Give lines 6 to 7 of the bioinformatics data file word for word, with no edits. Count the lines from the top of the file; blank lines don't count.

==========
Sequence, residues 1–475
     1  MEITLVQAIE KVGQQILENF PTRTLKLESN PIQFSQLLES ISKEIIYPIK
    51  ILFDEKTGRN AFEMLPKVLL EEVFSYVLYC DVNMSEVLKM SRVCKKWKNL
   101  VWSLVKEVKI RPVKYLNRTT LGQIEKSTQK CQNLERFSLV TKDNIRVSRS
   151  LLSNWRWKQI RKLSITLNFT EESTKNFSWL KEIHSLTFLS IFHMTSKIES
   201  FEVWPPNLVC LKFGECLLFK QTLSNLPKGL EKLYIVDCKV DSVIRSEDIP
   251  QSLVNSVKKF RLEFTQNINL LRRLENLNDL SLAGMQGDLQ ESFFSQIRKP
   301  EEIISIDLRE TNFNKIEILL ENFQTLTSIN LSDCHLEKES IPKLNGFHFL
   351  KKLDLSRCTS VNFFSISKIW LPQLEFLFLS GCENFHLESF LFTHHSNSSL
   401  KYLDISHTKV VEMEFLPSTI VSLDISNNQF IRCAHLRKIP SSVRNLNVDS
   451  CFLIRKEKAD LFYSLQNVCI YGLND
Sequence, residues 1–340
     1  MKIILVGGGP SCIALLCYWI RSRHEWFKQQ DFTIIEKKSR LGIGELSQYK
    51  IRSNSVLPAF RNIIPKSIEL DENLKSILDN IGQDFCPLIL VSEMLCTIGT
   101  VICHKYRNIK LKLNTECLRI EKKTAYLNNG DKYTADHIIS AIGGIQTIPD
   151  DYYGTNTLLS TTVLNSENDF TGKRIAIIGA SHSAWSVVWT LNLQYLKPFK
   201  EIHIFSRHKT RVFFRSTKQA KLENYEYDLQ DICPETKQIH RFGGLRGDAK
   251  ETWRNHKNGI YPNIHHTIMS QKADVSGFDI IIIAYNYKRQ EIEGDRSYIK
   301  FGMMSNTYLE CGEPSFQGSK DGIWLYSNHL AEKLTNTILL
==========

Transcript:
   201  FEVWPPNLVC LKFGECLLFK QTLSNLPKGL EKLYIVDCKV DSVIRSEDIP
   251  QSLVNSVKKF RLEFTQNINL LRRLENLNDL SLAGMQGDLQ ESFFSQIRKP